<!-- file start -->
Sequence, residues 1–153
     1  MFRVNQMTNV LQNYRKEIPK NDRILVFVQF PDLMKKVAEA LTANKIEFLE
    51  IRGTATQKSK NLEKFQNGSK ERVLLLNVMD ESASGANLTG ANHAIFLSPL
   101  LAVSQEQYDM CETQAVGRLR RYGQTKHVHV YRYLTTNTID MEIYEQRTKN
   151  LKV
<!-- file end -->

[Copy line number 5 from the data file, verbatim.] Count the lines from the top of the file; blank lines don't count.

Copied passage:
   151  LKV